If you are a tech geek with an idea for a B2C web service living somewhere in Finland, there are few funding options at your disposal. Most probably you'd apply for public funding from Tekes, but that needs to be supported with additional private funds. You might take a loan or raise capital from other sources or, like most tech geeks currently, you'd raise the money by subcontracting or free-lancing. However, there is a new pre-seed funding that has recently come to Finland - HackFwd. The fund was started by tech geeks for tech geeks. The term 'geek' is used in this context very proudly because it portrays how passionate the people in question are about hacking and programming.
HackFwd's concept is unique in three ways. First, it's all technical - the entrepreneurs-to-be should live and breathe for hacking, but also be flexible enough to work within market contraints. Basically, the programme is looking for European Zuckerbergs who enjoy coding as a pastime. Secondly, the fund invests in the most early stage possible, meaning that having just an idea and a very basic prototype is enough to apply. No business model or other prerequisites for a start-up are necessary if you can convince HackFwd's referrers of your idea. Lastly, HackFwd in practice is a 12-month programme that includes a lot of personal mentorship, help in legal and administrative matters and meetings every three months (held quite often in Majorca) with all of the programme's advisors and start-ups to share experience, learn and move forwards with your business.
HackFwd's investment model is very simple and transparent. If you're admitted to the programme, they roughly meet your current salary for a year and take 27% stake in your company. Another 3% is required to be given to those people who helped you most throughout the programme (advisors or even other start-ups). After the programme is finished, HackFwd would also help you get to the next phase by introducing you to further funding options or finding additional mentorship.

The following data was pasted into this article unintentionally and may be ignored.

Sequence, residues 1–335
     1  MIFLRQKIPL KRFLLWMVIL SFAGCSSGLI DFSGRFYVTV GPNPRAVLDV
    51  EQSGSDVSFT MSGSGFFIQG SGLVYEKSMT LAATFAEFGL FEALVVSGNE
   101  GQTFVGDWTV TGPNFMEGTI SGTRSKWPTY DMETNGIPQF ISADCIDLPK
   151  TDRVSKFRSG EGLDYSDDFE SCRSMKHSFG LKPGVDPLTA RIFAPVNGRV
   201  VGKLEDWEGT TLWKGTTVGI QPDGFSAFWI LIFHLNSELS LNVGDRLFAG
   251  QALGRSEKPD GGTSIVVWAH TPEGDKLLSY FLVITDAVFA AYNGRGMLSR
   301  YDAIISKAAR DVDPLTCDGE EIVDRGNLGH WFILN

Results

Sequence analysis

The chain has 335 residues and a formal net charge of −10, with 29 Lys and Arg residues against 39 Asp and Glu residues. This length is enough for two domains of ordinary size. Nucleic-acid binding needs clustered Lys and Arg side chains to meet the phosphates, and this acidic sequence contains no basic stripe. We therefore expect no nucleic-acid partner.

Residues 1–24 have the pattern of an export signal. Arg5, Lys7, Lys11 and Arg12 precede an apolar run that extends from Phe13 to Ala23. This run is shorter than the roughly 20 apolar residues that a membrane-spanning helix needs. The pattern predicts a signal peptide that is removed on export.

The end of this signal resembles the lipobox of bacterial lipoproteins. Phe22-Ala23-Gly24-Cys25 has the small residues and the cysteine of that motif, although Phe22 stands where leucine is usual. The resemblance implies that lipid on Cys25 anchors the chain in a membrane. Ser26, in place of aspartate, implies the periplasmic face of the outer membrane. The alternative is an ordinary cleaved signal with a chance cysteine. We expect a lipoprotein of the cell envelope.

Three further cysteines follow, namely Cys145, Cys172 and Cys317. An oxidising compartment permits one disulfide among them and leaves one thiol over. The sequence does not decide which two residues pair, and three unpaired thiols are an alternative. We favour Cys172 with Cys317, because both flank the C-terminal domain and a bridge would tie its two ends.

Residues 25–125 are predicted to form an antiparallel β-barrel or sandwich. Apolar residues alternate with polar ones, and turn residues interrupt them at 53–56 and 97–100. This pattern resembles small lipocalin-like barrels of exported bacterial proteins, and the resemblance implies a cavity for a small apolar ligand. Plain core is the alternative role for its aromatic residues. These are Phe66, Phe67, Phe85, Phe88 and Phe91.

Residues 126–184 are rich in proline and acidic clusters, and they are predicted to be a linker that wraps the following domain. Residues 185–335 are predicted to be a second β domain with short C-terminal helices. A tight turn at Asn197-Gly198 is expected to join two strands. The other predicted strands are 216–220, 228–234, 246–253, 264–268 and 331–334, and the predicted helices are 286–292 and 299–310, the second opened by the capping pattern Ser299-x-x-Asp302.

Ville Miettinen, who's acting as HackFwd's referrer in Finland, commented that such an initiative is particularly welcome here where very early-stage funding is lacking. The concept is also quite interesting because typically pre-seed investment is extremely local while HackFwd is a pan-European project: the headquarters and most of the deal flow is currently in Hamburg but there are referrers in >10 EU states and the fund is appllicable to Switzerland, Norway and Turkey in additional to all of the European Union. The biggest benefit HackFwd brings, according to Ville, is that it helps sky-rocket the speed of execution. Few Internet businesses are local and thus have global competition from places like Sillicon Valley where there is already a long-standing culture of fast growth with sufficient funding. In that environment, hacks that want their business to take off don't have time to subcontract or free-lance.
However, in Finnish context all discussion comes down to public funding. Ville is currently figuring out how to combine HackFwd's model with funding bodies like Tekes or Vigos. Public funding instruments are very important in Finland, though bringing a healthy private sector to complement it is just as important. HackFwd offers a very transparent model but having quite a specific focus means that it would only suit a couple of start-ups a year from any given country. Though, as Ville pointed out, any credible pre-seed investment model, no matter how few cases it would suit, is welcome in the Finnish ecosystem.